Strategic Interventions by Groval Selectia

  1. Reorientation of the teams: The first three months were critical for setting the stage for transformation. Groval Selectia Initiated the process by identifying and removing unproductive dynamics within the team. This included:
    • Replacing non-aligned members: A sizable number of team members who were not aligned with the company’s goals were removed. This was a tough but necessary step to prevent further drain on resources and morale.
    • Addressing the management’s frustration: By removing the non-aligned members, the pervasive frustration within the management started to wane, allowing for a more focused and disciplined approach.
  2. Finding and recruiting suitable talent: The next phase involved finding the right talent to rebuild the sales team. This process had its own set of challenges:
    • Initial missteps: Though eligible, the first set of recruits needed to be more suitable for the roles. This highlighted the downside of rushing the recruitment process, even during desperate times.
    • Focus on subject matter experts: Groval Selectia helped shift the focus to recruiting individuals with genuine interest and expertise in the field of business. Though this decision required significant effort in interviewing and vetting candidates, it proved correct.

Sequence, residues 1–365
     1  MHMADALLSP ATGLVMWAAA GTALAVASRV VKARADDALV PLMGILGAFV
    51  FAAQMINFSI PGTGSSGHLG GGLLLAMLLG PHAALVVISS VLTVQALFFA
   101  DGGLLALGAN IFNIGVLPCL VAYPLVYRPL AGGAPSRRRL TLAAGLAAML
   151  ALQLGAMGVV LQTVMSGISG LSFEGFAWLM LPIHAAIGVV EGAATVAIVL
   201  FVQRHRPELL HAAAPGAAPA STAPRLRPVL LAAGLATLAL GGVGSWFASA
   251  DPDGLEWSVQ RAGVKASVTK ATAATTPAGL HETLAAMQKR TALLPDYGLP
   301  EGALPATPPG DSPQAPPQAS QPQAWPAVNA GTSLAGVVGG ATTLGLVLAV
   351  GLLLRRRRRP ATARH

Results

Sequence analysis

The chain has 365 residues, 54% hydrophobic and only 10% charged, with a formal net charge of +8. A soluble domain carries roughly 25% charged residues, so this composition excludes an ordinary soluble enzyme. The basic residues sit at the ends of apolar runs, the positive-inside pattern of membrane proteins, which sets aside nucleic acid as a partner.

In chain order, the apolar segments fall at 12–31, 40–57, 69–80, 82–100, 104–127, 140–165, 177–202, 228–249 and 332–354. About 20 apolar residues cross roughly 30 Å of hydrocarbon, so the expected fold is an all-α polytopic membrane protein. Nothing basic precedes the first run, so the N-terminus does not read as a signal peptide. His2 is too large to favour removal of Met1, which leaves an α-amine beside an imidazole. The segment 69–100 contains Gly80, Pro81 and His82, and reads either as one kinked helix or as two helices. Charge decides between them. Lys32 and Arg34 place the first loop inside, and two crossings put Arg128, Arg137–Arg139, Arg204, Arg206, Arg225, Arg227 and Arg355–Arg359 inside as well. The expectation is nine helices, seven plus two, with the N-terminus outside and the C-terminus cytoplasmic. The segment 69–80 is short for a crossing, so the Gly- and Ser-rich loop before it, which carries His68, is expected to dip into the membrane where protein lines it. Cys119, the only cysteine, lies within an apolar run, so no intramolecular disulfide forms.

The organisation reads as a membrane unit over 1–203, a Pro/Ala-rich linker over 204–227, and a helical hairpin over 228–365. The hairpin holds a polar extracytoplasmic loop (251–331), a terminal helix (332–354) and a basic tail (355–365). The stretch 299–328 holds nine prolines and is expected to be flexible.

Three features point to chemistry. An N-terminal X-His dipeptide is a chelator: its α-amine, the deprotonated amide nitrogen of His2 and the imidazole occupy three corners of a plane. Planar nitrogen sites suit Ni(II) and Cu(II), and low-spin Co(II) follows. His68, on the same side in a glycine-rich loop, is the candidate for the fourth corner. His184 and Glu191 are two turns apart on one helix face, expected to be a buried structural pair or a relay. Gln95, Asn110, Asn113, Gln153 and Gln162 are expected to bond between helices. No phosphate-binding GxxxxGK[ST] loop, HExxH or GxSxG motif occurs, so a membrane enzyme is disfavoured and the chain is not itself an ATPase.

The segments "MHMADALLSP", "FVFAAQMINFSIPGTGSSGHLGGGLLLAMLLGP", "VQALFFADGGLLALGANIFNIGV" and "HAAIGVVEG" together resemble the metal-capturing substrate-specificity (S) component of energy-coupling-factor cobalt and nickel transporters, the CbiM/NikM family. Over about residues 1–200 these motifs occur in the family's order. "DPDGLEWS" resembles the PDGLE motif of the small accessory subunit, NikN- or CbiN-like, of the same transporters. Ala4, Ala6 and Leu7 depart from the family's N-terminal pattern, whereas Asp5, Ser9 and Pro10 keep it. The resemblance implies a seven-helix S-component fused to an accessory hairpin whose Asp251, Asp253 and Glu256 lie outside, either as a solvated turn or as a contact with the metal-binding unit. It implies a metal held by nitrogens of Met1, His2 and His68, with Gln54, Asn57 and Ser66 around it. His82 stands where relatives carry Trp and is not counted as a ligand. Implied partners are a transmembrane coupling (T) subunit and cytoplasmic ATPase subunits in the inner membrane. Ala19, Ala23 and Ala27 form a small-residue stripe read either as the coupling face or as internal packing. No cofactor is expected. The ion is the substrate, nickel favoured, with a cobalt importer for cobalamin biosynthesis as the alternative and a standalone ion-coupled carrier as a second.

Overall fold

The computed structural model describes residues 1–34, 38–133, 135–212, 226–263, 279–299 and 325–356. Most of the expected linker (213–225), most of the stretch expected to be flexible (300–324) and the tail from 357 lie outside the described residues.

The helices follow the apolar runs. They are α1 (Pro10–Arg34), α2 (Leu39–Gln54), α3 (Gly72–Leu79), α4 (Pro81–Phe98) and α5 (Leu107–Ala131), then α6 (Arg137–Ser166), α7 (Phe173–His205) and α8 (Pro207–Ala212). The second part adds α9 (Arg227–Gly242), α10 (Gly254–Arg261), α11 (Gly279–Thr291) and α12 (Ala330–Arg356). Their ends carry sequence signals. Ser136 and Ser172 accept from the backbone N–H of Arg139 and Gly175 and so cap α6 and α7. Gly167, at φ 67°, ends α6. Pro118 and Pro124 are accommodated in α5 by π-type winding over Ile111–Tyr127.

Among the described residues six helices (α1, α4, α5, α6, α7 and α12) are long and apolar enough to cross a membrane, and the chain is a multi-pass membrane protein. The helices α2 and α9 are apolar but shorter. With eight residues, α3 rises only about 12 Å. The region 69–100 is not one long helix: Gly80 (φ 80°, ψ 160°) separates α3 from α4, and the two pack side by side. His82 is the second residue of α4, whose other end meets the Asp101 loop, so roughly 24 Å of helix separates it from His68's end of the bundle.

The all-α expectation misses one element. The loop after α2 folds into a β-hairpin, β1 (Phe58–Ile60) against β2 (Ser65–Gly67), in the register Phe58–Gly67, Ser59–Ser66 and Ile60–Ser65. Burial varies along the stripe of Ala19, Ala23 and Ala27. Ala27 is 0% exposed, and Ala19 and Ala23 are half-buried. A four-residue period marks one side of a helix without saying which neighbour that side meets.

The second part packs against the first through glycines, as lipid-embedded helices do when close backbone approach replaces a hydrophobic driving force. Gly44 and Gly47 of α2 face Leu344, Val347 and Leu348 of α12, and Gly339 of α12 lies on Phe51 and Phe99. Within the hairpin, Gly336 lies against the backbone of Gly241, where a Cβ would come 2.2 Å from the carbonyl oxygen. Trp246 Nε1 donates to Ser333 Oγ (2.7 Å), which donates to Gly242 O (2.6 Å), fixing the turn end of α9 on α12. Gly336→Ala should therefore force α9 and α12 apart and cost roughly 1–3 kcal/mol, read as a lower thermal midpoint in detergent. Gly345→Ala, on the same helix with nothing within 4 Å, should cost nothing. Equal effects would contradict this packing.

• Building a cohesive team: The emphasis was on creating a team of experts aligned with the company’s vision and goals rather than individuals with just a vague idea of the industry.
  3. Instilling organisational values and culture: With the right people in place, the focus shifted to instilling a culture prioritising organisational interests over individual self-interests. Key steps included:
    • Promoting awareness: Team members were encouraged to exhibit the highest level of non-selfish behaviour, focusing on collective success rather than personal gain.
    • Tough Decision Making: Management was encouraged to be brave and take tough calls when necessary to maintain alignment and productivity.
    • Emphasising the compounding effect: Belief in the compounding effect of right actions was fostered across the organisation. The idea was to remain consistent, and the right actions would eventually pay off substantially.


  • Improved Team Alignment: The new team was built to align with the company’s goals. The team exhibited higher productivity levels and better cooperation with management and the organisation.